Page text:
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LAO Issues Recommendations on Broadband Program Funding

Gov. Gavin Newsom’s proposed funding for broadband infrastructure projects and programs faced pushback from the Legislative Analyst’s Office amid a looming budget deficit and the availability of federal funding.

The Legislative Analyst’s Office (LAO) has issued recommendations on the governor’s proposed 2024-25 budget related to broadband programs and projects throughout the state.

In the documents, titled Overview of Major Federal and State Broadband Programs and Projects and The 2024-25 Budget: Broadband Infrastructure, the LAO highlighted “augmentations, delays and reductions” to three broadband programs and projects at the state level.

The governor’s proposed budget changes are as follows: $1.5 billion increase to middle-mile network costs, $100 million delay in last-mile project grants, and a $250 million reduction in the Loan Loss Reserve Fund.

While the LAO did advocate for the approval of a $250 million appropriation in middle-mile network funds through the California Department of Technology (CDT) operating budget, the office urged lawmakers to reject $1.5 billion in further General Fund investment — $250 million in 2024-25 and $1.25 billion in 2025-26.

“The serious budget problem in 2024-25 and significant projected budget deficit in 2025-26 do not support the substantial General Fund investment in this proposal, particularly when detailed information is unavailable,” the report reads.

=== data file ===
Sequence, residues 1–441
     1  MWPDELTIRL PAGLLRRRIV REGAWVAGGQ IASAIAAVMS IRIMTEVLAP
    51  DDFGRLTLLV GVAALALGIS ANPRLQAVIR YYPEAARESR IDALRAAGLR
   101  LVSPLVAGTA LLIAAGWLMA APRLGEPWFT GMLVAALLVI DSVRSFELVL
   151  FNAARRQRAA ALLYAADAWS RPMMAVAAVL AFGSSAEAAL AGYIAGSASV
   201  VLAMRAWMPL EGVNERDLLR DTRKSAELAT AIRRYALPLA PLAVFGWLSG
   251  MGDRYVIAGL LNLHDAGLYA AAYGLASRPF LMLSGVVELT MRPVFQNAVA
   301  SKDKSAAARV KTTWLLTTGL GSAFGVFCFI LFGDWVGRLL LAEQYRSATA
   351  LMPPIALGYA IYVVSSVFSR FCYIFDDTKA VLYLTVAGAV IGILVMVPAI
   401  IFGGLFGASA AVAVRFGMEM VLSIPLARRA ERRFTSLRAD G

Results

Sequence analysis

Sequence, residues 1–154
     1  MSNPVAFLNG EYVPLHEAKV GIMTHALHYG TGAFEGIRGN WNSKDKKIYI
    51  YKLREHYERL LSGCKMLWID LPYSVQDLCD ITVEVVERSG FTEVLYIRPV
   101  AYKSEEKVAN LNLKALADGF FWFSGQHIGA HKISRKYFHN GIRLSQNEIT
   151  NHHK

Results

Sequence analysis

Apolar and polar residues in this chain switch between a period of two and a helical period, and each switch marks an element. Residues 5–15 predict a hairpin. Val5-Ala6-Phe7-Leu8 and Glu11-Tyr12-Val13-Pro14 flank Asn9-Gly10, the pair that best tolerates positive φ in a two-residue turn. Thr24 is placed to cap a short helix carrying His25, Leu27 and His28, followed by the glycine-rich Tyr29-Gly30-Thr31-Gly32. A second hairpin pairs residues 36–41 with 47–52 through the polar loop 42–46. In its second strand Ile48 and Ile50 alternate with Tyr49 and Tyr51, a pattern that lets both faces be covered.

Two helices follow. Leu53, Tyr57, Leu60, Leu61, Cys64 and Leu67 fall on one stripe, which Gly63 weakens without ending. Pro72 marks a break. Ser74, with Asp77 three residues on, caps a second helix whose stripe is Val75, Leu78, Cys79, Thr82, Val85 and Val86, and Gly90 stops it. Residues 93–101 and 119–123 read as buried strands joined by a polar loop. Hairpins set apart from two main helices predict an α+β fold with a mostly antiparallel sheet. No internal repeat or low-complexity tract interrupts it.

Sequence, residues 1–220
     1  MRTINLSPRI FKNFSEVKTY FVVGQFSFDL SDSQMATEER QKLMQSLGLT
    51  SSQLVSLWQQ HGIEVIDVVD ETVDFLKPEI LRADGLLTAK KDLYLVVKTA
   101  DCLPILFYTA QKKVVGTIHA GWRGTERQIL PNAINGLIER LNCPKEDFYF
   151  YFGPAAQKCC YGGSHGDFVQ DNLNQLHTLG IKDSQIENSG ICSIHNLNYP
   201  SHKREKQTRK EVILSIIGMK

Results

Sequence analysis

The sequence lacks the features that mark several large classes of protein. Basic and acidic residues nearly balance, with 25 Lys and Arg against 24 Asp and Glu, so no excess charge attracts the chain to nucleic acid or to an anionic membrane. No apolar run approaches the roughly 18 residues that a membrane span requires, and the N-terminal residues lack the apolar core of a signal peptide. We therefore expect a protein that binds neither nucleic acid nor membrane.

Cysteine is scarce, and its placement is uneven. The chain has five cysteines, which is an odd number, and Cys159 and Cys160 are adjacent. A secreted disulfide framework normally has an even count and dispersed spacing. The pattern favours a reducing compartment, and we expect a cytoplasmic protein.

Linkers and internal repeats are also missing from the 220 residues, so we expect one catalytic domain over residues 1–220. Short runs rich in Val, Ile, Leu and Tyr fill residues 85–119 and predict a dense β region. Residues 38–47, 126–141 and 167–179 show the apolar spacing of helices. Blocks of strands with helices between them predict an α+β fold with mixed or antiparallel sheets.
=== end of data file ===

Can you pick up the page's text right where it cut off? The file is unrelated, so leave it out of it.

The LAO also supported the delay of $100 million from the General Fund for last-mile project grants. The report cites the availability of $1.86 billion in federal funding through the Broadband Equity, Access, and Deployment (BEAD) program.

“Reductions in proposed or scheduled appropriations of up to $550 million General Fund in last-mile project funding from 2024-25 through 2026-27 would help with the budget problem and projected future budget deficits,” the report stated.

The office also cited the need for legislative oversight as state and federal broadband infrastructure projects move from the planning phase and into implementation.

“Billions of dollars will be encumbered and expended over the next few fiscal years. To achieve the Legislature’s goals in Chapter 112 of 2021 (SB 156, Committee on Budget and Fiscal Review) and other broadband infrastructure legislation, legislative oversight of the administration’s implementation of these programs and projects will be critical to their success,” the LAO’s summary notes.
Eyragon is the Managing Editor for Industry Insider — California. He previously served as the Daily News Editor for Government Technology. He lives in Sacramento, Calif.